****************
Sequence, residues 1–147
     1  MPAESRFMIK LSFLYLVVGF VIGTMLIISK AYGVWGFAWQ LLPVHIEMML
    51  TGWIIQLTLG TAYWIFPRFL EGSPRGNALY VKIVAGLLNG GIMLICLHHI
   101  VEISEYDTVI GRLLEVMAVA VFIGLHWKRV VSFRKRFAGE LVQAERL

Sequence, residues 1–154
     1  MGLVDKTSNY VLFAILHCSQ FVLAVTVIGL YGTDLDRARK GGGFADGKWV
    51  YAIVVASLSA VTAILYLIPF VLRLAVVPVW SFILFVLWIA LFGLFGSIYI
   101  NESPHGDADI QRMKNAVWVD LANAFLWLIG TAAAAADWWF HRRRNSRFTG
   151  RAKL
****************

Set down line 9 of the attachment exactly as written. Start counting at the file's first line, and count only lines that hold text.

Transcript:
   151  RAKL